Item description for The Wealth of Nations: With a Foreword by George Osborne, MP and an Introduction by Jonathan B. Wright, University of Richmond by Adam Smith, Jonathan B. Wight & George Osborne...
The Wealth of Nations is a treasured classic of political economy. First published in March of 1776, Adam Smith wrote the book to influence a special audience - the British Parliament - and its arguments in the early spring of that year pressed for peace and cooperation with Britain's colonies rather than war. Smith's message was that economic exploitation, through the monopoly trade of empire, stifled wealth-creation in both home and foreign lands. Moreover, protectionism preserved the status quo, and privileged a few elites at the expense of long run growth. Smith wrote, "It is the industry which is carried on for the benefit of the rich and the powerful that is principally encouraged by our mercantile system. That which is carried on for the benefit of the poor and the indigent is too often either neglected or oppressed."
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Est. Packaging Dimensions: Length: 2.5" Width: 6.5" Height: 9.5" Weight: 2.75 lbs.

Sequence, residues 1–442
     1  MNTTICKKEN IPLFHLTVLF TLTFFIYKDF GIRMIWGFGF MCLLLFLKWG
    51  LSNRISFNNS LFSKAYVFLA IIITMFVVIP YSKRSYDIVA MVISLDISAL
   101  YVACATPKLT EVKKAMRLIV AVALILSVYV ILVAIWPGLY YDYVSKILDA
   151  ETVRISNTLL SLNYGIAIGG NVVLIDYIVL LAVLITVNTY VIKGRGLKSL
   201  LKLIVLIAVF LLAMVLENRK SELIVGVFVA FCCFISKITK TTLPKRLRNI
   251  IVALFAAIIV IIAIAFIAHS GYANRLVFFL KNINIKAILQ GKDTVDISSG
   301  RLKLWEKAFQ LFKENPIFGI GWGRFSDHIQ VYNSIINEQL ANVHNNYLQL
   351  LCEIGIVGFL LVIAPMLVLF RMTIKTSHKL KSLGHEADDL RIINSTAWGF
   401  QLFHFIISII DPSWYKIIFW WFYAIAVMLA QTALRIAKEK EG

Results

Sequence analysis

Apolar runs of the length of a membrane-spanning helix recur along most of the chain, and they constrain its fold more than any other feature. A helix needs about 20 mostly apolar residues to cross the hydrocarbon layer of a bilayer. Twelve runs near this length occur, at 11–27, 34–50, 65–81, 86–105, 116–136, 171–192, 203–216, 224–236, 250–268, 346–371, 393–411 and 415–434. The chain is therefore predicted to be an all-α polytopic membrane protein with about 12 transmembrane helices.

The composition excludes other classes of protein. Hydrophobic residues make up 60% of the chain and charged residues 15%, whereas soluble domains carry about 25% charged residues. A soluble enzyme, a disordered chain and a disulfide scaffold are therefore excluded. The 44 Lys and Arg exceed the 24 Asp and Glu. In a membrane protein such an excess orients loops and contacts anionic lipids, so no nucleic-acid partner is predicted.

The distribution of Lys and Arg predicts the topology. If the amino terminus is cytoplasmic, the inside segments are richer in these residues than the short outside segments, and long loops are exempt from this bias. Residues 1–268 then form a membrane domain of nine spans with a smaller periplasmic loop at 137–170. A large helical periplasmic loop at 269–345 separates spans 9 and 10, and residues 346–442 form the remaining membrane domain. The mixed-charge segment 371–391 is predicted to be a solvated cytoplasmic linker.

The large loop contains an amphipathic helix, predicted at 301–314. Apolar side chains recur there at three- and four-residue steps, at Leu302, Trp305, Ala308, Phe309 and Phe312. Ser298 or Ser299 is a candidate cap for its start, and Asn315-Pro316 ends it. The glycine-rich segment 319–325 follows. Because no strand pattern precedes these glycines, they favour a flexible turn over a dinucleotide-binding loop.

Release Date May 28, 2007
Publisher Harriman House
ISBN 1905641265 ISBN13 9781905641260
Availability 0 units.
More About Adam Smith, Jonathan B. Wight & George Osborne
Adam Smith was born in Scotland, in 1723, and received his early education at the local burgh school. He subsequently attended Glasgow University (1737-1740), and Balliol College, Oxford (1740-1746). Two years after his return to Scotland, Smith moved to Edinburgh, where he delivered lectures on Rhetoric. In 1751 Smith was appointed Professor of Logic at Glasgow, but was translated to chair of Moral Philosophy in 1752. The Theory of Moral Sentiments was published in 1759, and The Wealth of Nations in 1776, the same year as the Declaration of Independence. Amartya Sen is a Nobel Prize-winning economist, known for his work on the way economics affects the well-being of humans. Formerly the Master of Trinity College, Cambridge, Sen is now Lamont University Professor at Harvard University, and divides his time between Cambridge, Massachusetts, and Cambridge, England. His books include Development as Freedom, Identity and Violence, and The Idea of Justice. Ryan Patrick Hanley is the author of Adam Smith and the Character of Virtue. An assistant professor of political science at Marquette University, he has been the recipient of fellowships from the Mellon Foundation and the National Endowment for the Humanities.